The ability to locate, analyse, evaluate and synthesise information from a wide variety of sources in a planned and timely manner. 1,2,7
    An ability to apply effective, creative and innovative solutions, both independently and cooperatively, to current and future problems. 7
    Skills of a high order in interpersonal understanding, teamwork and communication. 1
    A proficiency in the appropriate use of contemporary technologies. 1,2,7
    A commitment to continuous learning and the capacity to maintain intellectual curiosity throughout life. 1-7
    A commitment to the highest standards of professional endeavour and the ability to take a leadership role in the community. 1-7
    An awareness of ethical, social and cultural issues within a global context and their importance in the exercise of professional skills and responsibilities. 1-7
  • Learning Resources
    Required Resources

    The following book is required.

    Anthony Owen and Nick Hanley, The Economics of Climate Change, Routledge, London, 2006 (Paperback - ISBN: 978-0-415-40642-0)

    Copies are available at Unibooks.
    Recommended Resources

    The articles and sites provided below are a good starting point for materials relevant to topics covered in this course.

    Baker, R., Barker, A., Johnston, A. and Kohlhaas, M. 2008, The Stern Review: an assessment of its methodology, Productivity Commission Staff Working Paper, Melbourne, January.

    Australian Greenhouse Office, 2005. Australia’s Fourth National Communication on Climate Change,

    Barrett . S (1998) On the Theory and Diplomacy of Environmental Treaty Making, Environmental and Resource Economics 11: 317-333.

    Baumol, WJ and Oates, WE (1988) The Theory of Environmental Policy, 2nd Edition, Cambridge University Press.

    Fisher BS et al (1996) ‘An Economic Assessment of Policy Instruments for Combating Climate Change’, in Economic and Social Dimensions of Climate Change, Cambridge University Press.

    Garnaut Climate Change Review, Final Report available at

    Lutter, R and Shogren, J (2002) ‘Tradable permit traffics: how local air pollution affects carbon emissions permit trading, Land Economics 78: 159-70.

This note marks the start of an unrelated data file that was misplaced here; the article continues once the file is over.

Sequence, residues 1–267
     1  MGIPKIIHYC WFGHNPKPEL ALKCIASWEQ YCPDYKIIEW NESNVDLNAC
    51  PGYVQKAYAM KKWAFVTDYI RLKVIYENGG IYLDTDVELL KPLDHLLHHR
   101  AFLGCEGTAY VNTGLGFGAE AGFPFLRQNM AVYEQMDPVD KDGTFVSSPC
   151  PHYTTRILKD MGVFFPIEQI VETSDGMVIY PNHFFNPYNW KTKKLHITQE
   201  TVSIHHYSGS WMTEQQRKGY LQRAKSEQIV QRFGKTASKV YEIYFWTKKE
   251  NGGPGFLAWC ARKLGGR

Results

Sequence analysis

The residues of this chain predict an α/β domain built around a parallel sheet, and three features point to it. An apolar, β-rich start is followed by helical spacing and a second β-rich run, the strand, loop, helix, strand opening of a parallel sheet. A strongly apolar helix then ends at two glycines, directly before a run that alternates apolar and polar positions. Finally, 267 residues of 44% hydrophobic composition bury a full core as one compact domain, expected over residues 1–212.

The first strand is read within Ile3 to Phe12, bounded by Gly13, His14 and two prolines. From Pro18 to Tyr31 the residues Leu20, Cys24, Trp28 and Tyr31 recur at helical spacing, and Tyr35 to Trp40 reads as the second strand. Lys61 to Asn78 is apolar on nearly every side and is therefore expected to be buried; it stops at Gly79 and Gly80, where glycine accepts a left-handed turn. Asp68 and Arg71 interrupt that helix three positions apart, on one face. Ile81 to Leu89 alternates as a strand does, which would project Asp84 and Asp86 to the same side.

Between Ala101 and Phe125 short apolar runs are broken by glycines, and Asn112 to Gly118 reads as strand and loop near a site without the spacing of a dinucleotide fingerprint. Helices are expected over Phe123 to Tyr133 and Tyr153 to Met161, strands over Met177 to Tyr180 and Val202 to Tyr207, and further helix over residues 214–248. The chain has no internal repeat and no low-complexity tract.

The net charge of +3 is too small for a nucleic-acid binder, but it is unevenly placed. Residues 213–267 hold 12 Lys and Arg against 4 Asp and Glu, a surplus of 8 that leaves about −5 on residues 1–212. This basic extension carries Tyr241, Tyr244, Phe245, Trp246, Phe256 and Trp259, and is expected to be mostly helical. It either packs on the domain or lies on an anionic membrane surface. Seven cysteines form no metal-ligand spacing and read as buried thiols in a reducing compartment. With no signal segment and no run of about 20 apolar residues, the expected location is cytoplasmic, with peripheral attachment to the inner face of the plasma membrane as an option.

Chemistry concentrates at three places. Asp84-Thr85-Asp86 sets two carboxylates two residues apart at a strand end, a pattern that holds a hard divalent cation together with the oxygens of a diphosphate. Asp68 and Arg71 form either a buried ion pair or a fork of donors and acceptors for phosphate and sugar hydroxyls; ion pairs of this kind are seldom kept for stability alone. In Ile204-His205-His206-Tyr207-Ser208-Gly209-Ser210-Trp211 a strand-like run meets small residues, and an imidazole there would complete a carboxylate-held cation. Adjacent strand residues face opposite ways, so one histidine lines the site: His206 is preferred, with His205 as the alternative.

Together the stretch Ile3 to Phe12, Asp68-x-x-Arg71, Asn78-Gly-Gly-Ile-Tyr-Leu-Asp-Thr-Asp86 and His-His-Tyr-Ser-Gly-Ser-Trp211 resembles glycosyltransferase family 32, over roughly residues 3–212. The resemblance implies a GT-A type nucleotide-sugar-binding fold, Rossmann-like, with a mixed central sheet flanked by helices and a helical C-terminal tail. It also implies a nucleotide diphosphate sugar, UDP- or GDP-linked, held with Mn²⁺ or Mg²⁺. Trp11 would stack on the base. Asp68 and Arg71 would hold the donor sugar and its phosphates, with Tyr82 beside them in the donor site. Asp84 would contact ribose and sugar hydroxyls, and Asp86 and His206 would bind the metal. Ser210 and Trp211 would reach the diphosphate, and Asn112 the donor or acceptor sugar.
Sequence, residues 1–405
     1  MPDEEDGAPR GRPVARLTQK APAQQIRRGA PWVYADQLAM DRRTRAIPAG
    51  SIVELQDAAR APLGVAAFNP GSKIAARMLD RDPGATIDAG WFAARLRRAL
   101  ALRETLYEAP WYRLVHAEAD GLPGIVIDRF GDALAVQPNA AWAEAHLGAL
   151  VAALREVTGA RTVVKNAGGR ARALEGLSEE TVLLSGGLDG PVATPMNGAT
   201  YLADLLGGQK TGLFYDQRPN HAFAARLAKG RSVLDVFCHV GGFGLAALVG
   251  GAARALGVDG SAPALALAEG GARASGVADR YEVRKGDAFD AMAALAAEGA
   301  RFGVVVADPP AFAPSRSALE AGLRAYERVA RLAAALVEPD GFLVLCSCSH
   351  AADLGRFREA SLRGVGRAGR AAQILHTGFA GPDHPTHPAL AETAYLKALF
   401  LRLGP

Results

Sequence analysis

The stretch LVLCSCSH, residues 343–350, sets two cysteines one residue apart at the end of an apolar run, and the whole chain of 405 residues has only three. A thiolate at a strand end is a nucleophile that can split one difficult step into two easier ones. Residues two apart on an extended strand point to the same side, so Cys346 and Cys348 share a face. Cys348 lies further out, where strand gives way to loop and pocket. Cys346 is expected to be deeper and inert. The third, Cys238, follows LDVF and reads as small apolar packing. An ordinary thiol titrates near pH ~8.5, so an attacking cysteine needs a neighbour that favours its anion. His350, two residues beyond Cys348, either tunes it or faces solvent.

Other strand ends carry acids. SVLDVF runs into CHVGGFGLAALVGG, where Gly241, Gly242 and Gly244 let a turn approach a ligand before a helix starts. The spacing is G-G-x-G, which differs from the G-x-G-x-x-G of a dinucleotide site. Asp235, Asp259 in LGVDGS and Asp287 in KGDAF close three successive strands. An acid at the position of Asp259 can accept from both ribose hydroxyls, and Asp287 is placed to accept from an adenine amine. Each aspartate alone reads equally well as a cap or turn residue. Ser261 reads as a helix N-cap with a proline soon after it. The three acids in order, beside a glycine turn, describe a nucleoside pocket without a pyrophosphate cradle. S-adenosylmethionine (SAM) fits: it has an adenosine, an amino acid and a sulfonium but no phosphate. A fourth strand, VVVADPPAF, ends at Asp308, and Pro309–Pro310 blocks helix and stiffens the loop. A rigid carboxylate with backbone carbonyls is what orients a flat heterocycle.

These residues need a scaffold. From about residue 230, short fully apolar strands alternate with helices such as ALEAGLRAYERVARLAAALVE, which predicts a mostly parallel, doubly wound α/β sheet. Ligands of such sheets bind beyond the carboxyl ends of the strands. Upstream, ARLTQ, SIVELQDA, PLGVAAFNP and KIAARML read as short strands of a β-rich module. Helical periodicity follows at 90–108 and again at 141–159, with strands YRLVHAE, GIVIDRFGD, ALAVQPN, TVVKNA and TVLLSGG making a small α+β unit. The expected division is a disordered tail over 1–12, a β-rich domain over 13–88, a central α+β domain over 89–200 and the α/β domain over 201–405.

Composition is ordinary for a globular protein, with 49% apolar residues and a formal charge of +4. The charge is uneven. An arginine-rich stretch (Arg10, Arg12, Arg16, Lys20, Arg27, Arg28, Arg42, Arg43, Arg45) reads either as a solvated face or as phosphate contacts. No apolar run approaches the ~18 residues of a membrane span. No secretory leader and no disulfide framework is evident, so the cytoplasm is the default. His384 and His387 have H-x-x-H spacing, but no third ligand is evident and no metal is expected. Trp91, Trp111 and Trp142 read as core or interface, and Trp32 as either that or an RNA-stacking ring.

Productivity Commission (2008), What Role for Policies to Supplement an Emissions Trading Scheme?: Productivity Commission Submission to the Garnaut Climate Change Review, May.

    Productivity Commission (2011), Emission Reduction Policies and Carbon Prices in Key Economies, Commissioned Study, May.

    The Climate Commission (2011), The Critical Decade, Report Prepared by the Climate Commission tasked by the Australian Government to report on policies to mitigate climate change.

    The Garnaut Climate Change Review: Garnaut Review 2011 -

    United Nations, 1992. United Nations Framework Convention on Climate Change,

    United Nations, 1997. Kyoto Protocol to the United Nations Framework Convention on Climate Change,

    World Bank, World Development Report (2010), Development and Climate Change – from the World Bank’s official site –
    Online Learning

    www. - Official site of the United Nations Climate Change Conference in Copenhagen, 5 to 18 December 2009 - The World Bank. - UN Framework Convention on Climate Change. – The Australian Department of Foreign Affairs and Trade. – World Resources Institute. – The Australian Department of Environment. – South Australian Department of Water and Natural Resources. – Australian Bureau of Agricultural and Resource Economics and Sciences. – Professor Barry Brook’s website.

  • Learning & Teaching Activities
    Learning & Teaching Modes
    The primary teaching modes are through lectures and workshops. Learning is expected to take place through writing a comprehensive report that ideally is an equivalent quality to a policy paper or a consultant’s report prepared for clients; through preparing and participating in an oral presentation; through class discussion and through writing under pressure (final exam). All of these modes will prepare students for the rigours of the workplace.